Home / News & Videos / News / Homeland & Cyber Security /

Cyber Security – More Chameleon, Less Rhino

Cyber Security – More Chameleon, Less Rhino

December 9, 2019

Homeland & Cyber Security

Stock Daily Dish — Billions are being lost to cyber-crime each year, and the problem seems to be getting worse. So could we ever create unhackable computers beyond the reach of criminals and spies? Israeli researchers are coming up with some interesting solutions.

“We need to bring prevention back into the game,” says Yuval Danieli, vice president of customer services at the Israeli cyber-security firm Morphisec. “Most of the world is busy with detection and remediation – threat hunting – instead of preventing the cyber-attack before it occurs.”

The main principle governing the cyber-security industry ever since it was invented – surrounding businesses with enough armor plating to make it too time-consuming for hackers to drill through – is called the rhinoceros approach. But some think the industry needs to be less rhinoceros and more chameleon, camouflaging itself against attack.

Prof. Yuval Elovici, head of Cyber@BGU and co-founder of Morphisec

Morphisec – born out of research done at Ben-Gurion University of the Negev (BGU) – has developed what it calls “moving target security.” It‘s a way of scrambling the names, locations, and references of each file and software application in a computer‘s memory to make it harder for malware to get its teeth stuck into your system.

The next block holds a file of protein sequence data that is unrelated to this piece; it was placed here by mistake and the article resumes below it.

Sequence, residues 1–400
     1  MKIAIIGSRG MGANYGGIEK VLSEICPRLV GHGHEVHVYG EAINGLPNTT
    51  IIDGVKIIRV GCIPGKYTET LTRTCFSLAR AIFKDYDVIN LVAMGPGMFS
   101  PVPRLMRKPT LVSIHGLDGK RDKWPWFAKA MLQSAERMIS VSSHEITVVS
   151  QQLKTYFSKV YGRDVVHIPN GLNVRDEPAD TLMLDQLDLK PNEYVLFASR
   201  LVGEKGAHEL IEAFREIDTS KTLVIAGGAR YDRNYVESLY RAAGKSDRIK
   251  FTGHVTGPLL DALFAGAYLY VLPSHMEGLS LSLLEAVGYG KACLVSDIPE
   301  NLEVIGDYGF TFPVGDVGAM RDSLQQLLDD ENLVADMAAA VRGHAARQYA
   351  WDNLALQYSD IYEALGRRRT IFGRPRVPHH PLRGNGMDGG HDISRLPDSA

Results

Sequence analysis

The mutation occurs each time the computer is turned on so the system is never configured the same way twice. The firm‘s tech is used to protect the London Stock Exchange and Japanese industrial robotics firm Yaskawa, as well as bank and hotel chains.

But the most effective way to secure a computer is to isolate it from local networks and the internet completely – so-called air gapping. You would need to gain physical access to the computer to steal data. Prof. Yuval Elovici, head of the Cyber Security Research Center at BGU and co-founder of Morphisec, warns that even this method isn‘t 100% reliable.

“The obvious way to attack an air-gapped machine is to compromise it during the supply chain when it is being built,” he says. “So you then have a compromised air-gapped computer in a nuclear power station that came with the malware – the attacker never has to enter the premises.”

There is always a trade-off between usability and security. The more secure and hack-proof a computer is, the less practical it is in a networked world. “Yes, we can build an unhackable computer, but it would be like a tank with so many shields that it wouldn‘t move anywhere,” says Morphisec‘s  Danieli.

The concern for the cyber-security industry is that as the nascent “internet of things” develops, powered by 5G mobile connectivity, the risk of cyber-attack will only increase. And as artificial intelligence becomes more widespread, it will become just another tool hackers can exploit.